In reviewing the petitioner’s request for withholding of removal under the Convention Against Torture, the Board of Immigration Appeals applied the wrong standard to the question whether the petitioner’s native government will acquiesce in his torture.
Since 2002, the Board reviews findings of fact and credibility determinations only for clear error. With respect to mixed questions of law and fact, the Board must defer to an immigration judge’s factual findings but retain its independent judgment and discretion regarding application of the standard of law to those facts.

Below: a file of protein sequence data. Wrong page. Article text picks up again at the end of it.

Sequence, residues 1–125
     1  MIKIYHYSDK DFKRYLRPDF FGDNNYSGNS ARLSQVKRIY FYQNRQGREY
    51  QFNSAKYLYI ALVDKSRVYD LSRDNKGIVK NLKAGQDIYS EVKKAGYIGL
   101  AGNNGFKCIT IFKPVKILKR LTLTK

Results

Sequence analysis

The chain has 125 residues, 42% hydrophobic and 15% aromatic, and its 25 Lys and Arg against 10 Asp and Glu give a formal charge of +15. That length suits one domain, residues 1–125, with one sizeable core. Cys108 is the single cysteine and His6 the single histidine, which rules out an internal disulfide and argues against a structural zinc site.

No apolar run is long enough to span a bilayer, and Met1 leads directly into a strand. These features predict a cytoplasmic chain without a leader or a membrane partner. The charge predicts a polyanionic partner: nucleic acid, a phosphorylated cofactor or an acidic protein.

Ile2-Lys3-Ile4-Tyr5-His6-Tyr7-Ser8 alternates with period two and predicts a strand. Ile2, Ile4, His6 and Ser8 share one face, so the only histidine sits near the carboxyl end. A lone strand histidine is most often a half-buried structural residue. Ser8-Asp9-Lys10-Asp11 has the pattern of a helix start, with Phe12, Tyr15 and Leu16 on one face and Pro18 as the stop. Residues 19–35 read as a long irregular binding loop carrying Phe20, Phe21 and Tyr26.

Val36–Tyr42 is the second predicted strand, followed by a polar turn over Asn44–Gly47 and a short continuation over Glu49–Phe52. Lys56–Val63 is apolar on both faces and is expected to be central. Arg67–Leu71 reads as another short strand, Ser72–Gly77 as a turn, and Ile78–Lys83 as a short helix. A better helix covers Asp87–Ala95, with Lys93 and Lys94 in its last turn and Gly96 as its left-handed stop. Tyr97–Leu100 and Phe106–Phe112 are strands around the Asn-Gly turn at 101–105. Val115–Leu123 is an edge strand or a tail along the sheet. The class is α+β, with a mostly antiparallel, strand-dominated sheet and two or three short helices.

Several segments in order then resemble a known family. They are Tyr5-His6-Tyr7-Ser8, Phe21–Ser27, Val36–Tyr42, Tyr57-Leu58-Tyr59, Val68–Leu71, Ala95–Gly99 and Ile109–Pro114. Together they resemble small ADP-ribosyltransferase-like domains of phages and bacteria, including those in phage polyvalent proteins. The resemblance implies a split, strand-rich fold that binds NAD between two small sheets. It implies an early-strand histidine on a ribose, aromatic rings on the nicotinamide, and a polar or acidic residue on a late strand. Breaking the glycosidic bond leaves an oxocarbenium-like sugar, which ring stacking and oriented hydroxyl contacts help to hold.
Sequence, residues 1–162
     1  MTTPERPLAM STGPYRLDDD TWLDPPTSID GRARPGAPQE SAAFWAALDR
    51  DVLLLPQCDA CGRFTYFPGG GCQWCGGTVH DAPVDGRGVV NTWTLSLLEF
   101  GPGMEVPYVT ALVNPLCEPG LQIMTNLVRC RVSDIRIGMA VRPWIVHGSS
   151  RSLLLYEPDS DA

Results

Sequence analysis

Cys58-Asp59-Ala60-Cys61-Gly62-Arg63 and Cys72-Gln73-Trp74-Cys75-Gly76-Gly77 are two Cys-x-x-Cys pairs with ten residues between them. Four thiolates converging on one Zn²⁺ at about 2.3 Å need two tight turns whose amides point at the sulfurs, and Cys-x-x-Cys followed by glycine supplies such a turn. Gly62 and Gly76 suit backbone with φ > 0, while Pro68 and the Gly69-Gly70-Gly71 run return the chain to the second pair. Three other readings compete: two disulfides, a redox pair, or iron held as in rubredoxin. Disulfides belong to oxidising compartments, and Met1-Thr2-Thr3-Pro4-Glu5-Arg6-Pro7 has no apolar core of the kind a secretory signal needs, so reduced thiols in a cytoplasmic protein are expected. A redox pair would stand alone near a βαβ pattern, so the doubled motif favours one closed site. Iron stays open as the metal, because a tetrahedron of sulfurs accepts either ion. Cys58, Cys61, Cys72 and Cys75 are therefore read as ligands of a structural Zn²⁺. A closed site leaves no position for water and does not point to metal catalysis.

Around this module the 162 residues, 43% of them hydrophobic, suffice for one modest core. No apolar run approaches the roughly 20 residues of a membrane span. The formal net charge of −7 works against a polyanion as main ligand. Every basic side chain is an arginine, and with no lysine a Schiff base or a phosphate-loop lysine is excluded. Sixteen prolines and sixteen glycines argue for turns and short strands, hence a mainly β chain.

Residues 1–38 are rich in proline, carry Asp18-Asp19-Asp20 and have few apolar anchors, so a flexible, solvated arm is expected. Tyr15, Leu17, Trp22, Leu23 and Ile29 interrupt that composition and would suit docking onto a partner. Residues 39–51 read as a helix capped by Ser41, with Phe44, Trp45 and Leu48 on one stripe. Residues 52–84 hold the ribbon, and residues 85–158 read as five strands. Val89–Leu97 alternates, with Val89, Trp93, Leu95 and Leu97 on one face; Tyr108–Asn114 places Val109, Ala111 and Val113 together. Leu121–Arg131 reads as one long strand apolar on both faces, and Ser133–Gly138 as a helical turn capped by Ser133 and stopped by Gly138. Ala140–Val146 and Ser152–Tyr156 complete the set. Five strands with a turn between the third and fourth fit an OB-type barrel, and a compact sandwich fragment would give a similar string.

Whether the petitioner has established that the government would acquiesce in his torture is a mixed question of law and fact. The “acquiescence” element first requires an essentially factual prediction as to what would likely happen upon removal – here, a factual finding or findings as to how public officials will likely act in response to the harm the petitioner fears.
The immigration judge in this case was required to decide whether “how public officials will likely act” qualifies as “acquiescence” under the relevant regulations. As the 3rd Circuit concluded, that determination amounts to a legal judgment that must be reviewed by the Board de novo. Here, the Board reviewed the immigration judge’s acquiescence determination only for clear error.
Petition granted in part and remanded for review under the correct standard.